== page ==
GLOSSARY OF TERMS

Bagasse

The sugarcane fiber that remains after extracting the juice from the sugarcane. Sugarcane is not only a readily renewable resource, but the sugarcane fiber can be turned into products normally made from plastic and paper. Disposable, compostable and biodegradable.

Biocompostable

Plastic and paper products which disintegrate and biodegrade completely and safely when composted in a municipal or commercial facility. The process of biocomposting is usually completed within 90 days.

Biodegradable

Materials that decompose, usually by bacteria or sunlight, into original organic components within a reasonably short period of time. Most organic materials (paper, grass clippings, food scraps), under the right conditions, are biodegradable.

Bioplastics

Bioplastics are a new generation of biodegradable and compostable plastics. They are derived from renewable raw materials like starch (e.g. corn, potato, tapioca etc), cellulose, soy protein, lactic acid etc. They are not hazardous in production and decompose back into carbon dioxide, water, biomass etc. when discarded.

Compostable

Compostable materials are any material (or product) that degrades through the controlled biological decomposition of organic material in the presence of water, heat, and bacteria to form a humus-like material.

Life Cycle Assessment

Life Cycle Assessment (LCA) is a widely accepted measurement tool for environmental sustainability – a technique for assessing the environmental impacts associated with a product or service, covering all stages in a product’s life.

Oxo-Biodegradable

Unlike "normal" plastics, that degrade and disintegrate very slowly, oxo-biodegradable plastics are manufactured to accelerate the destruction of the plastic product. The intent has been to develop a degradable and biodegradable plastic that is as functional as commodity plastics, but that would degrade and biodegrade relatively quickly in a disposal environment (litter, landfill, compost, water soil). The degradation, which involves the reaction of the plastic with oxygen in the air, is initiated by exposure to ultraviolet light (sunlight), elevated temperatures and/or mechanical stress. It is “programmed” to start degradation on disposal after the product has fulfilled the required shelf and service lives as defined by end users. The end products of the process are carbon dioxide, water and biomass. Extensive studies and tests have been conducted with internationally recognized laboratories and institutions to confirm that they do not leave harmful or toxic residues in the environment.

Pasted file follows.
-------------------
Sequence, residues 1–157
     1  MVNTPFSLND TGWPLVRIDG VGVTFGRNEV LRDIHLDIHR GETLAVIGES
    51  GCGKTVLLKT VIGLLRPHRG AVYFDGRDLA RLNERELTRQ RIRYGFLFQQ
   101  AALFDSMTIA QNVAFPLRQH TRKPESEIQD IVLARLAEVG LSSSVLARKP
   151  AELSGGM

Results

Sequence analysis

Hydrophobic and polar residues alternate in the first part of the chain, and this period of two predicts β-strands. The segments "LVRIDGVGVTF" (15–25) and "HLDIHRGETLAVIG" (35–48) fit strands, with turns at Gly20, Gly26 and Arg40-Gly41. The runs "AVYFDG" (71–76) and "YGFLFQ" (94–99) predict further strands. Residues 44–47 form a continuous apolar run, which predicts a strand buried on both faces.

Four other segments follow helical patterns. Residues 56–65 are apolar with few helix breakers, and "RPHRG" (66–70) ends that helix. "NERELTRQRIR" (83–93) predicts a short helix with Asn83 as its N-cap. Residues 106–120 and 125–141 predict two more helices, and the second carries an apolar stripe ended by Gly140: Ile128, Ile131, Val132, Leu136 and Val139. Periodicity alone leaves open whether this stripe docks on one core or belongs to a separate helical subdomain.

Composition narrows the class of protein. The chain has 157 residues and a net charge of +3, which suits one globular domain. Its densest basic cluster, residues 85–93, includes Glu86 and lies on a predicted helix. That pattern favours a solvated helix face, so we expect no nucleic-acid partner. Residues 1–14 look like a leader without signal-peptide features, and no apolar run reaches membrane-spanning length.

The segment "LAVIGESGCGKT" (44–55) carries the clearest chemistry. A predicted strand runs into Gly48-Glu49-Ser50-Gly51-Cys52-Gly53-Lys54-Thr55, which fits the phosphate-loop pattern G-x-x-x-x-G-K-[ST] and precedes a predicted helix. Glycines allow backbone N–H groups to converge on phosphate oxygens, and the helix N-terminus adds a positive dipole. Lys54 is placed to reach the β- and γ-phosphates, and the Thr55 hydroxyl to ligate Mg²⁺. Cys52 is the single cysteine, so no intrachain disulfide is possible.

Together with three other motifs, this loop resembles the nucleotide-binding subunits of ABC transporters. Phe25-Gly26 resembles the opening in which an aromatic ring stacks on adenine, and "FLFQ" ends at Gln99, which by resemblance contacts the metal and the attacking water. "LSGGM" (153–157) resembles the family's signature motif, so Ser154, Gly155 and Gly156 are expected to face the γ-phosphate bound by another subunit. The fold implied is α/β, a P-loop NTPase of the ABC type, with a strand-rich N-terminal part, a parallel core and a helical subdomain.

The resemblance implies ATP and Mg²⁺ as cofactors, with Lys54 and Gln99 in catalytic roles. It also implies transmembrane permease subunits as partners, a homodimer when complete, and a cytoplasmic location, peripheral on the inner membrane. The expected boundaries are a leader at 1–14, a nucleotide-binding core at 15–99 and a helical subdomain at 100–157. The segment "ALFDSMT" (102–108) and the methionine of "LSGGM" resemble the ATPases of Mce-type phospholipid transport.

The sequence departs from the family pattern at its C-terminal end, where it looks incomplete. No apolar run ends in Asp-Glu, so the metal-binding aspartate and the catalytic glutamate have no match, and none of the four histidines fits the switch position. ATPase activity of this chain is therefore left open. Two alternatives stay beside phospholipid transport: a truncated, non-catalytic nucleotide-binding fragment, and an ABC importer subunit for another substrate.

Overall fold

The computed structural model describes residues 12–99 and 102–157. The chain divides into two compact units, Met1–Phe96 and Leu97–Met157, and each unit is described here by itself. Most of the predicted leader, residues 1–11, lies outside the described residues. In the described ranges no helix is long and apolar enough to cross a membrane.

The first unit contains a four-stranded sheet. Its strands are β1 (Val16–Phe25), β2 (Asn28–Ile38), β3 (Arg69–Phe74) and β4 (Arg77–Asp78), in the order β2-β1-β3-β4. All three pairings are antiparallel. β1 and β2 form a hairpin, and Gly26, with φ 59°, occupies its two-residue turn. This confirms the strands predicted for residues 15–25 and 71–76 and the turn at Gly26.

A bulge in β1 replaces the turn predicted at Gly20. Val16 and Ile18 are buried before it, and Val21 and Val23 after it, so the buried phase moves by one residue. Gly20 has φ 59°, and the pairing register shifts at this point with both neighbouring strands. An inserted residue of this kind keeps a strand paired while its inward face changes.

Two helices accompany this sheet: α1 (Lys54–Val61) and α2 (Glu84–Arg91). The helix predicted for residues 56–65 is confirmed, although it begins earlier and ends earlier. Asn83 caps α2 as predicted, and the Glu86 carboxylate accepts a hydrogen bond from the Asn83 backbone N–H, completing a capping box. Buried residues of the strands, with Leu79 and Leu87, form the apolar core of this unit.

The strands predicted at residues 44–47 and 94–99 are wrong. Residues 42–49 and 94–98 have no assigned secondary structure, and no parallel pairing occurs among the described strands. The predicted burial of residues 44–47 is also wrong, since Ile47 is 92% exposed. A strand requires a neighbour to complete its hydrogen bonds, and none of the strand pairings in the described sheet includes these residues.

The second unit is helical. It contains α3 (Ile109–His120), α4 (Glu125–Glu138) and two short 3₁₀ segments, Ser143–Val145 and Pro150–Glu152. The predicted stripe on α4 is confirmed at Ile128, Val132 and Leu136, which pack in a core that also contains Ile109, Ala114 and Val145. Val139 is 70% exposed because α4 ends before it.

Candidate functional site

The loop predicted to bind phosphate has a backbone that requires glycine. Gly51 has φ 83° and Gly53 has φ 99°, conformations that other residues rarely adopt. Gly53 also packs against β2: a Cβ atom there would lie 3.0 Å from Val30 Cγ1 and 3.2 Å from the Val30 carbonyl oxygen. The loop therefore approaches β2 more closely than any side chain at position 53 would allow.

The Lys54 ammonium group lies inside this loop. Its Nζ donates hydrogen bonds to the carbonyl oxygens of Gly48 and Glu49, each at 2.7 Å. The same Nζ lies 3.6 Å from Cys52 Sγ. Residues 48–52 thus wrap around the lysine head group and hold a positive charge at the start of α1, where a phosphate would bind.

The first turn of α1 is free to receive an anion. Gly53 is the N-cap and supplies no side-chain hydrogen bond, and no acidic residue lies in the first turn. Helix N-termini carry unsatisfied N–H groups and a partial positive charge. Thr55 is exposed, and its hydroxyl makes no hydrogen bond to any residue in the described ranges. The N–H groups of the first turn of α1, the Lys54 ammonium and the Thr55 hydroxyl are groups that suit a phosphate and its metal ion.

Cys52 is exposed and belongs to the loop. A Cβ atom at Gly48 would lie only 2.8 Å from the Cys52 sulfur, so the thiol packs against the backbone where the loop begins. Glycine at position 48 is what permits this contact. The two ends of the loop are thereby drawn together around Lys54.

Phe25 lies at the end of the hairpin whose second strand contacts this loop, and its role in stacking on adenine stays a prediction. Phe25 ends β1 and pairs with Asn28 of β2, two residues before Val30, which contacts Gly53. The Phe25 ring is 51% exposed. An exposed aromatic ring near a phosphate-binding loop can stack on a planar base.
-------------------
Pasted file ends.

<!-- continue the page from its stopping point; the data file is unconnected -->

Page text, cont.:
PLA - Polylactic Acid

A product made from corn-starch, with a look and feel like petroleum based plastic. PLA is the one of the most commonly used bioplastics for making products.

Post Consumer

“Post-consumer waste recycled” paper is made out of paper that has already been used by the consumer and recovered from the solid waste stream. “Pre-consumer waste recycled” paper is made of paper scraps and trimmings left over during the manufacturing process. When a product claims to be “100% recycled”, it’s important to know the respective percentages of pre-consumer and post-consumer recycled content.

Recyclable

Any material that can be recovered and reprocessed into usable product is considered to be recyclable. Plastic, paper, glass, steel and aluminum cans, and used oil are examples of recyclable materials.

Renewable Resources

Naturally occurring resources from the earth that can replenish themselves, or grow back. Plant-based resins like polylactic acid (PLA) provide a positive alternative to petroleum-based plastics. Fast growing plants like bamboo can also replace traditional wood fibers from slow growing trees in the manufacture of single use products like dinnerware and food containers.

Source Reduction

To eliminate waste and use less packaging.

Sustainability

Actions we take that support quality of life now and for future generations.
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